Raiders coach Dennis Allen's day-after-an-exhibition conference call took on the tone of a medical update presser early Saturday evening.The highlights, or lowlights, less than 24 hours after the Raiders' 31-27 defeat in Arizona: Receiverreturner Jacoby Ford's sprained foot may keep him out of action into the regular season and yes, it is the same foot, his left one, he sprained last season that kept him out of the lineup for most of the second half of the season."If you ask me, is there a chance (he could miss regular-season time), yeah, there's a chance," Allen said. "But we've still got to continue to look at it to see what type of time frame we're looking at." Backup quarterback Matt Leinart (cut right index finger) and running back Mike Goodson (shoulder weakness) are going to be O.K., Allen said. Receiver Darrius Heyward-Bey, who injured a shoulder against the Cardinals, was not considered to have a "serious" injury but will be monitored this week in practice. Allen "is hoping" to have both tight end Brandon Myers (shoulder) and running back Taiwan Jones (hamstring) back in practice this week. Receiver Denarius Moore (hamstring) is also getting "closer," per Allen, but there is no timetable on his return either. Linebacker Aaron Curry (knees) has returned from a week-plus in Los Angeles getting treatment and worked out with a running program for the Raiders coaches Saturday and "looked pretty good so we'll look at him (Sunday) and see where he's at," Allen said, "kind of evaluate him as we go along."The spate of injuries at the skill positions raise the specter of the Raiders looking outside the box, especially with such veterans still unemployed as receivers Plaxico Burress and Chad Johnson and running back Ryan Grant.And as such, Allen was asked if the Raiders needed to look at potentially adding some players now."We're going to look at that," he said, "as far as if we need to add somebody or not."Especially at returner, what with the injured Ford returning both kickoffs and punts."Right now we're looking at Bryan McCann," Allen said. "But that's obviously a position we've got some concern over. We're going to be evaluating the guys we have here but we're also going to be looking at the rosters of the other 31 teams and see if there's somebody that comes available that can help us in that regard."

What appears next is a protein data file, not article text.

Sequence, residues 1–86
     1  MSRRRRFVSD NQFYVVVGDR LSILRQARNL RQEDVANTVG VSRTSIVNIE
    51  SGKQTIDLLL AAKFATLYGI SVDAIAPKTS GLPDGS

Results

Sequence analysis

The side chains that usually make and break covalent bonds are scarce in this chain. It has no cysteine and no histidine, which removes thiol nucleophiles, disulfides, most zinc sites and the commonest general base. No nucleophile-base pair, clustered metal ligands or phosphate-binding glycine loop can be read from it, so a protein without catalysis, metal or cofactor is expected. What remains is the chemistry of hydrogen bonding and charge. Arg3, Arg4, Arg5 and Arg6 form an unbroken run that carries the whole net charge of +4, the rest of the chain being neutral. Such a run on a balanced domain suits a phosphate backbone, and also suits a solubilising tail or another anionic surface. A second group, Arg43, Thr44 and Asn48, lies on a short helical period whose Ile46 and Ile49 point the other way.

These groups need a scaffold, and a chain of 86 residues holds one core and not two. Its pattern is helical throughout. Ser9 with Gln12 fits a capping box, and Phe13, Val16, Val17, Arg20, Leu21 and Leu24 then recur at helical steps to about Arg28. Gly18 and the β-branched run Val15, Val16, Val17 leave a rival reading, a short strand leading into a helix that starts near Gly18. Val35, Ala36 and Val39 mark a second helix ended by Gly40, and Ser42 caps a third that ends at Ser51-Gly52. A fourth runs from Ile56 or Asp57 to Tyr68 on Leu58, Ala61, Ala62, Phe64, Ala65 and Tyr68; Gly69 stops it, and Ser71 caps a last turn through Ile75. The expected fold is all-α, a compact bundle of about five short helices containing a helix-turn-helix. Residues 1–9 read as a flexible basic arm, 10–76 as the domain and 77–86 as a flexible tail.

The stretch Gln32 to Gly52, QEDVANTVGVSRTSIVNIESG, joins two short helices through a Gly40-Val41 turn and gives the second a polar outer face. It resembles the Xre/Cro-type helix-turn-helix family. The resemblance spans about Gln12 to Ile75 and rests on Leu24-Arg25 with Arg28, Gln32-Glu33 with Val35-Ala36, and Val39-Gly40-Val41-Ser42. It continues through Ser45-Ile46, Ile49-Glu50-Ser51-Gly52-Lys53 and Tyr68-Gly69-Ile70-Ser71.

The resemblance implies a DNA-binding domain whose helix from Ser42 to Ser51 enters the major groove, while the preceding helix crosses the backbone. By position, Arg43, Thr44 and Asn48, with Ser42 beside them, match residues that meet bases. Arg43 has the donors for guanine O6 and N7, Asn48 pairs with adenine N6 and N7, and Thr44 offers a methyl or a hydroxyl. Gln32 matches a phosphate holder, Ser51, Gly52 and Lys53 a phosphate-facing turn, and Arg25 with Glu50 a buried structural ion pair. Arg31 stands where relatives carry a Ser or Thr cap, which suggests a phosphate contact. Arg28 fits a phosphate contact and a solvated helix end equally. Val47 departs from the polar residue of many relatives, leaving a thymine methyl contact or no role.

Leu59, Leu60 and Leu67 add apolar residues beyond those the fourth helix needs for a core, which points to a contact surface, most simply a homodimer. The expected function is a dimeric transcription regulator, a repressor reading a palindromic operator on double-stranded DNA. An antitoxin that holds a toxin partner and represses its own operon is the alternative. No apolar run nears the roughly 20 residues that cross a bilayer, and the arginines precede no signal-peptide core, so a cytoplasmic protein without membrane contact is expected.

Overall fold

MEXICO CITY – The President of the United States Donald Trump has taken several shots at players who choose to sit during the national anthem.
Raiders running back was in his crosshairs early Monday morning.
Trump was bothered by Lynch’s actions before Sunday’s 33-8 loss to the New England Patriots at Estadio Azteca.
Lynch sat for the United States’ national anthem, as he has in every game this season. Then he stood for Mexico’s anthem, though he spent most of that song getting his equipment adjusted.
The President took exception in a Twitter rant that has become a staple of his presidency.
Marshawn Lynch of the NFL’s Oakland Raiders stands for the Mexican Anthem and sits down to boos for our National Anthem. Great disrespect! Next time NFL should suspend him for remainder of season. Attendance and ratings way down.— Donald J. Trump (@realDonaldTrump) November 20, 2017
It is believed that Lynch is sitting in protest of racial inequality, a movement popularized by former 49ers quarterback Colin Kaepernick, though he has never declared that publicly. He refused to answer questions on that topic this summer.
That hasn’t stopped Trump from demanding he be suspended the rest of the season for his actions. The league won’t do that.
Trump won’t get his way, but with a quick Tweet he brought the issue to the Raiders’ doorstep in what will become a topic in Alameda all week.
Lynch was probably asleep when Trump’s tweet went public at 5:25 a.m. ET, and therefore hasn’t responded in any way.